A new rule announced Wednesday by the U.S. Department of Transportation will allow airlines to limit the types of animals that fly in the cabin for free under the classification of emotional support animals.

The DOT defines a service animal as a “dog, no matter what breed or type, that is individually trained to do work or perform tasks for the benefit of a qualified individual with a disability.” Airlines are no longer required to recognize emotional support animals as service animals, causing them to likely be treated as pets.

Airlines have been wanting to crack down on travelers abusing emotional support animal policies. Typically, service animals are dogs, but airlines have seen a variety of animals being brought onto planes by passengers as emotional support animals, including miniature horses, turtles, hamsters, pigs, and birds.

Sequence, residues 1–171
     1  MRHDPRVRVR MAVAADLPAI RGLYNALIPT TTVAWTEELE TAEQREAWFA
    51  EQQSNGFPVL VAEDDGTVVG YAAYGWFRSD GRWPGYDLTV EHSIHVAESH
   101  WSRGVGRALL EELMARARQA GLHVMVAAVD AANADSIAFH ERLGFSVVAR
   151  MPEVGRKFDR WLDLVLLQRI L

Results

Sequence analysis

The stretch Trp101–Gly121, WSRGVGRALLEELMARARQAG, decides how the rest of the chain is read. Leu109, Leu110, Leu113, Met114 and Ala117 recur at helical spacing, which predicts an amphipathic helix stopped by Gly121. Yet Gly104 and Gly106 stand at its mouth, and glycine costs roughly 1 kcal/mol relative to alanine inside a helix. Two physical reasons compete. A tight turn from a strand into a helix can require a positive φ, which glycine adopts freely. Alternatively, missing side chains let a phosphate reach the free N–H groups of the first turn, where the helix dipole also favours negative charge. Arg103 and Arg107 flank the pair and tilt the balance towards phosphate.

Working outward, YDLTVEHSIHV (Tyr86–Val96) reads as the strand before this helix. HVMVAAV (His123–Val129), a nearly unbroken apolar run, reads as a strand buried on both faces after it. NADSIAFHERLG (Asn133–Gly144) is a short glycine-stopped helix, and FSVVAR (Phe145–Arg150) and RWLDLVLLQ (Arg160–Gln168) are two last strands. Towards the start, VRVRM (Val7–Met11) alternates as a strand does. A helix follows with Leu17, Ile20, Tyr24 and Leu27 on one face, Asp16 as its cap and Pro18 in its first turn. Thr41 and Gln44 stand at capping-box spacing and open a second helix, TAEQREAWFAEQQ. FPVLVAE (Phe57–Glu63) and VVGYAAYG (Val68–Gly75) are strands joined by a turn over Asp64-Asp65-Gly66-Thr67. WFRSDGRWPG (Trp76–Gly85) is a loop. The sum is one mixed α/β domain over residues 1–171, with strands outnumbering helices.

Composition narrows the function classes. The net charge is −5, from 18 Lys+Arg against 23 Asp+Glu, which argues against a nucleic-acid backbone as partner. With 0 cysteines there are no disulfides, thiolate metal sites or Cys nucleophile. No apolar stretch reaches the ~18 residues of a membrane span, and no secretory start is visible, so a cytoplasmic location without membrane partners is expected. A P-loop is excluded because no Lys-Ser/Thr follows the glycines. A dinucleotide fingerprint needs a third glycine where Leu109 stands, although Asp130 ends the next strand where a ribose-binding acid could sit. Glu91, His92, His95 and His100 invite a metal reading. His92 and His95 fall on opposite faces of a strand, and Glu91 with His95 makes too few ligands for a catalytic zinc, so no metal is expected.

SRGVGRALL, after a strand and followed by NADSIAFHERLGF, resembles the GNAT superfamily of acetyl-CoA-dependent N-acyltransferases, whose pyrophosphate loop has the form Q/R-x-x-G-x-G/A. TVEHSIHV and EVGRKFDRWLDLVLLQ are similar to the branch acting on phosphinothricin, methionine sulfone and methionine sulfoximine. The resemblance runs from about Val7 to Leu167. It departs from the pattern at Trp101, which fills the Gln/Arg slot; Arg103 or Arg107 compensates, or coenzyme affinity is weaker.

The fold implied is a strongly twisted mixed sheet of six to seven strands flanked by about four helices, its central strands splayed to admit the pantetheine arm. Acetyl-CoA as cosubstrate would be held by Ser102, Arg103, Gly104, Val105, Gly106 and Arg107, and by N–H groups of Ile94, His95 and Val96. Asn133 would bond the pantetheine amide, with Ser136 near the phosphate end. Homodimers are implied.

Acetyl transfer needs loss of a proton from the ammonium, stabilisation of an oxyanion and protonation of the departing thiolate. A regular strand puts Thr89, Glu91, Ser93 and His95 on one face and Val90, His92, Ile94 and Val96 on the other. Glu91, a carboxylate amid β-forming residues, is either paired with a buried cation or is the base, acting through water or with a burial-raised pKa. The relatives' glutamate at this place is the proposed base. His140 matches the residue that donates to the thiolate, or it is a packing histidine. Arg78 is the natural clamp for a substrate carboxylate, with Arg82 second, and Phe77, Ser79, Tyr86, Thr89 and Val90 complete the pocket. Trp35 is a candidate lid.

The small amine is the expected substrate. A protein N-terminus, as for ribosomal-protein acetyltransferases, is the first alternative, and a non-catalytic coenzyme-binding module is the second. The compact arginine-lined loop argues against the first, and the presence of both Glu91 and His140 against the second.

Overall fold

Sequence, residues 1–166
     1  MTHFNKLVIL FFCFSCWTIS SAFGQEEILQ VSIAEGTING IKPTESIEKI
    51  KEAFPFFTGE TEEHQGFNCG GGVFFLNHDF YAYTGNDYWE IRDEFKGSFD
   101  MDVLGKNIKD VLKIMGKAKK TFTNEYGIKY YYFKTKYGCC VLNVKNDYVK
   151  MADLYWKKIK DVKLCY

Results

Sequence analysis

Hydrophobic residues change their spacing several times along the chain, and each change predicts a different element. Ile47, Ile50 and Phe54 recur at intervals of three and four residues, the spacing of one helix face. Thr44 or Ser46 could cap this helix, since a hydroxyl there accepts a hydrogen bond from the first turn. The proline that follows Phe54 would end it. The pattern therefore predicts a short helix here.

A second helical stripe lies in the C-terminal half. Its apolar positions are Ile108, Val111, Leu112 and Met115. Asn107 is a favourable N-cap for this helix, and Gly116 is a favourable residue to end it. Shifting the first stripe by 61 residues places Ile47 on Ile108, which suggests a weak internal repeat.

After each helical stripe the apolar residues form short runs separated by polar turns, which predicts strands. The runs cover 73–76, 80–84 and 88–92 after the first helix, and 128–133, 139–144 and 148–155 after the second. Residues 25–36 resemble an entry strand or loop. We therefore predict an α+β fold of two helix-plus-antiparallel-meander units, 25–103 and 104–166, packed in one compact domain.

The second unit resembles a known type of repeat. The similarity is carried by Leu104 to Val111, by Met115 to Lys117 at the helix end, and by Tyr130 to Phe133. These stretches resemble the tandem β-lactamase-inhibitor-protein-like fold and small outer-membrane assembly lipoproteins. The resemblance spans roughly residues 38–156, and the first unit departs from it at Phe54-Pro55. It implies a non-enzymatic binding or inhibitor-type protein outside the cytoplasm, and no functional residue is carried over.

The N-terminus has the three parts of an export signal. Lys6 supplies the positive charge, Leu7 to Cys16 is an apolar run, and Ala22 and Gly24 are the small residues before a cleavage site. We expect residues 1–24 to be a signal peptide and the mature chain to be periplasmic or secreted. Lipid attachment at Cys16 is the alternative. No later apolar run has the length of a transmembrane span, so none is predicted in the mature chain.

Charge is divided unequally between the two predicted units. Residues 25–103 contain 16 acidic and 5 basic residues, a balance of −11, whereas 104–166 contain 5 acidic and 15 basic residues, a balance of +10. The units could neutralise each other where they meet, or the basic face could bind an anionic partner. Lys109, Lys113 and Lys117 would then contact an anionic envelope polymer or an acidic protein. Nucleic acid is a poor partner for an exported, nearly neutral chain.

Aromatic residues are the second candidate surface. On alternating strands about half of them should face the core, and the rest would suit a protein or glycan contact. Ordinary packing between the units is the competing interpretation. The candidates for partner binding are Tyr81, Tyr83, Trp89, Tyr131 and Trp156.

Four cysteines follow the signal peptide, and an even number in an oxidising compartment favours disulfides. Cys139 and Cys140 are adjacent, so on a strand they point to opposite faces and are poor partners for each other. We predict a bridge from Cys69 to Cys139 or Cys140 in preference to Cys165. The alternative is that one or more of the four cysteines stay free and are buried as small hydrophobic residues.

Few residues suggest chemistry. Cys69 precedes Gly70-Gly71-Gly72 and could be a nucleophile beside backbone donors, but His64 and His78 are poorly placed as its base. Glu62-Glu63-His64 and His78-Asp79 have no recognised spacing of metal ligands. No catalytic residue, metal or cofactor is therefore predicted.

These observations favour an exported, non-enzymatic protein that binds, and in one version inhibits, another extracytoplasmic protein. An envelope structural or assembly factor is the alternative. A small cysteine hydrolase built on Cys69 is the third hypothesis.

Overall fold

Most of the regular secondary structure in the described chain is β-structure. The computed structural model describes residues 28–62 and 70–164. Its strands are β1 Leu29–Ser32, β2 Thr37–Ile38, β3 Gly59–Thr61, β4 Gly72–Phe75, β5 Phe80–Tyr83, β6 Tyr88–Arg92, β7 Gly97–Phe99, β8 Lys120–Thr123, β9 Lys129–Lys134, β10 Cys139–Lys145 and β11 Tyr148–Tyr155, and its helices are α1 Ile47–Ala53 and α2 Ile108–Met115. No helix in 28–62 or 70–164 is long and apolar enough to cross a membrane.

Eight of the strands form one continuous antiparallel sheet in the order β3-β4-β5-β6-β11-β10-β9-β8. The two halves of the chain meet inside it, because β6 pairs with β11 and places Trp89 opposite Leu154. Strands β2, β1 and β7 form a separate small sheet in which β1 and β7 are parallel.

The practice has “eroded the public trust in legitimate service animals,” the DOT said in its rule, which it said was prompted in part by an increase in travelers “fraudulently representing their pets as service animals” to avoid charges for transporting pets.

“The Department of Transportation’s final rule will protect the traveling public and airline crewmembers from untrained animals in the cabin, as well as improve air travel accessibility for passengers with disabilities that travel with trained service dogs,” Airlines for America President and CEO Nicholas E. Calio said in a press release.

The new rule will go into effect 30 days after it is published in the Federal Register. That date has not yet been set.